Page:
Société des casinos du Québec inc., et al. v. Association des cadres de la Société des casinos du Québec, et al.
(Quebec) (Civil) (By Leave)
Canadian charter (Non-criminal) - Freedom of association, Labour relations, Certification - Charters of Rights - Freedom of association - Labour relations - Certification - Association of managers - Casino - Definition of employee in Labour Code of province of Quebec - Whether s. 1(l)(1) of Labour Code infringes s. 2(d) of Canadian Charter of Rights and Freedoms and s. 3 of Charter of human rights and freedoms, CQLR, c. C-12 (Quebec Charter) - If so, whether infringement constitutes reasonable limit prescribed by law that can be demonstrably justified in free and democratic society within meaning of s. 1 of Canadian Charter and s. 9.1 of Quebec Charter - Whether reviewing court must defer to administrative tribunal’s findings of mixed fact and law where constitutional validity of statute is challenged - Labour Code, CQLR, c. C-27, s. 1(l)(1) - Canadian Charter of Rights and Freedoms, ss. 1, 2(d) - Charter of human rights and freedoms, CQLR, c. C-12, ss. 3, 9.1.
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The respondent, the Association des cadres de la Société des casinos du Québec (Association), was formed in 1997 under the Professional Syndicates Act, CQLR, c. S-40. Seventy percent of the operations supervisors assigned to the gaming tables at Casino de Montréal are members of the Association. The supervisors are the fifth level of management and are front-line managers at the appellant employer, Société des casinos du Québec inc. (Société). The Société is a subsidiary of the Société des loteries du Québec responsible for four casinos, including Casino de Montréal. Given that each casino’s operations are divided into three areas — gaming tables, slot machines and poker rooms — the Association’s members make up a majority of the supervisors in all three areas combined. Since its creation, the Association’s goal has been to secure recognition from the employer so that it can represent the supervisors and negotiate their conditions of employment. In November 2009, the Association filed a petition for certification with the Commission des relations du travail (which in 2016 became the Administrative Labour Tribunal (ALT)) under ss. 25 et seq. of the Labour Code, CQLR, c. C-27. The filing of that petition allegedly arose out of numerous failed attempts by the parties to negotiate changes to a memorandum of understanding entered into in 2001. In the petition, the Association also asked that the exclusion of managers from the definition of “employee” in s. 1(l)(1) of the Labour Code be declared constitutionally inoperable against the Association and its members on the ground that the provision infringed the freedom of association guaranteed in s. 2(d) of the Canadian Charter and s. 3 of the Charter of human rights and freedoms, CQLR, c. C-12 (Quebec Charter). The ALT declared that s. 1(l)(1) infringed the freedom of association guaranteed by the two charters to the persons covered by the Association’s petition for certification and that the section was of no force or effect in the context of the petition.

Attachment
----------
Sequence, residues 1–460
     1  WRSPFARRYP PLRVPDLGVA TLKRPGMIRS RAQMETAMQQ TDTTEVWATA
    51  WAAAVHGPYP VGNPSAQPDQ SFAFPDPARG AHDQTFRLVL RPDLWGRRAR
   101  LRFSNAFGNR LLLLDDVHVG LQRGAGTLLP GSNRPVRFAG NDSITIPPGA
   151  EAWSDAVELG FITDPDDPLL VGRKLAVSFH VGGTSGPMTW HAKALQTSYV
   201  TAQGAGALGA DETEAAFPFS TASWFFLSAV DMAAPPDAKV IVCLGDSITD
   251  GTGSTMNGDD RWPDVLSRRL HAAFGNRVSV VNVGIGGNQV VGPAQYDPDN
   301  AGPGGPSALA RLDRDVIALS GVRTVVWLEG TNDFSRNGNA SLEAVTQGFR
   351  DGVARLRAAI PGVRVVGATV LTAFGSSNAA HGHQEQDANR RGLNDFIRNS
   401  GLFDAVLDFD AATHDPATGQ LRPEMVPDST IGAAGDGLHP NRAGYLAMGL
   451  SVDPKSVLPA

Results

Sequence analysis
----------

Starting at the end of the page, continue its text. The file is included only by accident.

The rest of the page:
The Superior Court allowed the application for judicial review filed by the Société, and the Court of Appeal allowed the Association’s appeal.
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